Coalescing black-hole–black-hole and neutron-star–black-hole binaries are among the most promising sources for first-generation ground-based interferometers, but the possibility of detecting them with standard matched-filtering techniques is seriously imperiled by our ignorance about the gravitational waveforms expected from these systems, and by their sheer complexity. This is because gravitational-wave searches proceed by systematically correlating the detector output with signal templates (the theoretical models of the waveforms).
Since 2001, in collaboration with Alessandra Buonanno, Yanbei Chen, and Yi Pan, I have been working to devise robust detection methods for these binaries.
The gravitational-wave signals emitted by inspiraling black-hole–black-hole binaries with total masses between 10 and 40 solar masses enter the frequency range of good interferometer sensitivity at a very late stage in the inspiral, when only few orbits are left before the merger, and when different post–Newtonian approximations predict different waveforms. It follows that no template family based on a single approximation can be trusted to represent the physical signals adequately.
In 2001 and 2002, Buonanno, Chen, and I developed a phenomenological template family that embeds all the credible approximated models and extrapolates beyond them. This template family (known as BCV) was used in binary-inspiral searches on LIGO data from runs S2 to S4.
A second complication is introduced by black-hole spins, which play a significant role in the late stages of black-hole–black-hole inspirals. The efficient detection of these systems requires modeling the precession-induced modulations of the signal, which depend on a prohibitively large number of parameters (including the initial directions of the spins, and the position and orientation of the binary with respect to the GW detector).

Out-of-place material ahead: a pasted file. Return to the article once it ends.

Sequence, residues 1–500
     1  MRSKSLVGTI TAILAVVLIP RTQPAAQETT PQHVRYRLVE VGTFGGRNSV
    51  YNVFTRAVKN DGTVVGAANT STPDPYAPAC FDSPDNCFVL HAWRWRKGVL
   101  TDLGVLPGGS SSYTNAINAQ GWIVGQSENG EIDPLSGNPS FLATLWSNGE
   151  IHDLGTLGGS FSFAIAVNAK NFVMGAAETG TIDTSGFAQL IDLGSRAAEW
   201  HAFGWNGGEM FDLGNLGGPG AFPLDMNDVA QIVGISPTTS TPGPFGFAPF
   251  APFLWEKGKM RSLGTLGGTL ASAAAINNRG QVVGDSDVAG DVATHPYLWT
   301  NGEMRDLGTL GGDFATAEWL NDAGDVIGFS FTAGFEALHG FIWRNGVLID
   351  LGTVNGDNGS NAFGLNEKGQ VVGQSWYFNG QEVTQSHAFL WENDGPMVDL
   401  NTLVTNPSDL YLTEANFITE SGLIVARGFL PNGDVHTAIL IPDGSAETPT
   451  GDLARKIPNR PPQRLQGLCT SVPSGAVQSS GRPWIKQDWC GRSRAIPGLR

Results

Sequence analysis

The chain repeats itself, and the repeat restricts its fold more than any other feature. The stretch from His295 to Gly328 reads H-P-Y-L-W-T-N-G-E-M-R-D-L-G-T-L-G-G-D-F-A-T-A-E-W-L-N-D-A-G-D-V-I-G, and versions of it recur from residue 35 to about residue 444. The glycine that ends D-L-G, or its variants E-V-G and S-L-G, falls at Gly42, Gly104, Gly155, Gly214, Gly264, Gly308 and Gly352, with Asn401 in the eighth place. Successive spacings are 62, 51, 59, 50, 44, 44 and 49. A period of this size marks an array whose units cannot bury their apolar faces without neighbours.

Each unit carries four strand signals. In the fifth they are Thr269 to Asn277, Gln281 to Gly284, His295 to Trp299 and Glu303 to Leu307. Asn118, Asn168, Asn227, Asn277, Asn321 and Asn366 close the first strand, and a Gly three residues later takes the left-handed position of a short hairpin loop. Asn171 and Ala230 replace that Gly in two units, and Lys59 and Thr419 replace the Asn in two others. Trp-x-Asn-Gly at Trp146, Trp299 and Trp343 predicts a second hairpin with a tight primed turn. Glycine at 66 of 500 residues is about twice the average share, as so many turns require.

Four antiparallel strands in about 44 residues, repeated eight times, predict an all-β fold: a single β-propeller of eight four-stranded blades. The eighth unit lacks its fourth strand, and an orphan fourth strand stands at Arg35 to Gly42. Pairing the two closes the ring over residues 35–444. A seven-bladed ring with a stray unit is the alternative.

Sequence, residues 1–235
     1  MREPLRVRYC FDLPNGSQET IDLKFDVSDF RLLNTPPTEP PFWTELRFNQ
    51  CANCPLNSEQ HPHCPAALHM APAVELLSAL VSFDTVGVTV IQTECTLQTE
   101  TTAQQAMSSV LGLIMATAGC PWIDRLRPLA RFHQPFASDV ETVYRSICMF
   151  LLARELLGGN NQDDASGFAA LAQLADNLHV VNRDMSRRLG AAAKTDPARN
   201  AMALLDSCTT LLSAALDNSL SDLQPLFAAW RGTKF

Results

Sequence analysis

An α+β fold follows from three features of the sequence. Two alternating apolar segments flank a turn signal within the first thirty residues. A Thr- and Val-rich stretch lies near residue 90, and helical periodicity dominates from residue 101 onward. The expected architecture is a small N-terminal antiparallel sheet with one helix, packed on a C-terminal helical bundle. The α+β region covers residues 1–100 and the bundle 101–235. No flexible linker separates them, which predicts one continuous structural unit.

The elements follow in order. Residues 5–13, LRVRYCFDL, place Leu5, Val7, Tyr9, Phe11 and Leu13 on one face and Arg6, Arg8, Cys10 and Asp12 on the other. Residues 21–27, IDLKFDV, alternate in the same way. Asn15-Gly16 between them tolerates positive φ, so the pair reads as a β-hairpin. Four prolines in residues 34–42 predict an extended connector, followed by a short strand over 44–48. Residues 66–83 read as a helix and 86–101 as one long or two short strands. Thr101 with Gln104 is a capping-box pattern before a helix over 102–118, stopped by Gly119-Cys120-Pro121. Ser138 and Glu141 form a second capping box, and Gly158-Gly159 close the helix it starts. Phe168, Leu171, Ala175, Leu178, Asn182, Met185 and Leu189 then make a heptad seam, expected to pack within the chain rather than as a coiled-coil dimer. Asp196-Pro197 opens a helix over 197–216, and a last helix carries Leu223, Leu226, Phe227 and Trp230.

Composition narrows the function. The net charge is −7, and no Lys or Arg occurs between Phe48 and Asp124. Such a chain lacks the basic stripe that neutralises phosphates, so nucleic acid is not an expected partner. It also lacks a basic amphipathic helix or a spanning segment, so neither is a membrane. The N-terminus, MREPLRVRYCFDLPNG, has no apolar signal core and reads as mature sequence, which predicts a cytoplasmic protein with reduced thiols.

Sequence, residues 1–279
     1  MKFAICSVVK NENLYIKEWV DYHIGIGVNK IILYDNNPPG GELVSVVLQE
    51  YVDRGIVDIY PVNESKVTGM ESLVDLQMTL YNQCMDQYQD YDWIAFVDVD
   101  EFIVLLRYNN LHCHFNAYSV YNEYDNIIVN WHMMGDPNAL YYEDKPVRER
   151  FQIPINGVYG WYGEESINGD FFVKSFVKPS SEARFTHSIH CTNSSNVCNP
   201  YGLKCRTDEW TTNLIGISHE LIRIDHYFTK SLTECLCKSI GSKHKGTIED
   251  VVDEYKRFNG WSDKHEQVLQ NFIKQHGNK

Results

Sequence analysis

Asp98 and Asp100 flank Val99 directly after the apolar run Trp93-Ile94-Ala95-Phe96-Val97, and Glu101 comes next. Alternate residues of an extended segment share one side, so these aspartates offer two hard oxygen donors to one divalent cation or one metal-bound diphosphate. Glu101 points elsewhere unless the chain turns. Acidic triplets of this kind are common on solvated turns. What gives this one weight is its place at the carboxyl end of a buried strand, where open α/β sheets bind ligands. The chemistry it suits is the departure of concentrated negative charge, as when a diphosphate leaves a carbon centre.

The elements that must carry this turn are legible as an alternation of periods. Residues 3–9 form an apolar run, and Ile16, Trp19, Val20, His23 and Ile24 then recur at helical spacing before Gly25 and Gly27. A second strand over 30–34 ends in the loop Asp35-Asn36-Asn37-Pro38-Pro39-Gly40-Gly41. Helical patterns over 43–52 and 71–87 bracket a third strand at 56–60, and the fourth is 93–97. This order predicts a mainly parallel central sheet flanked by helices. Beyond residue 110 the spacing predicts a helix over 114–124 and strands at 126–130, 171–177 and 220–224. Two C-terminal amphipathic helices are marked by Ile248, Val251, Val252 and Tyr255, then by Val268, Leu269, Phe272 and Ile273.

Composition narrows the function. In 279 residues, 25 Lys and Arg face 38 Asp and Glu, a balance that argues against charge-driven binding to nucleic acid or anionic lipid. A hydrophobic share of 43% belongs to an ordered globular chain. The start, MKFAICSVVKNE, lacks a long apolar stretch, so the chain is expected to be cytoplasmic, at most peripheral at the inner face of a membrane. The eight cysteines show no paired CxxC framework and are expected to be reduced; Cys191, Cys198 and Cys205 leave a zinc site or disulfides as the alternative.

In 2002, Buonanno, Chen, and I developed a family of modulated detection templates that are functions of very few physical and phenomenological parameters, and that model remarkably well the dynamical and precessional effects of spin. This template family (known as BCV2) was used in spinning-binary–inspiral searches on LIGO data from run S3.
Buonanno, Chen, and I also proposed a separate template family for spinning binaries, consisting of essentially exact waveforms written directly in terms of the physical mass and spin parameters of the binary. In 2003, working with Yi Pan, we devised a fast matched-filtering scheme for these templates. The crucial insight was a new decomposition of detector response into a time-dependent component that encodes the evolution of the binary, and a constant component that represents the relative position and orientation of detector and binary.
I am now implementing this scheme (in collaboration with Diego Fazi, Curt Cutler, and others) for searches in LIGO data from the flagship run S5 (one year of triple coincidence at design sensitivity), and from the runs at enhanced sensitivity that will begin in 2009.
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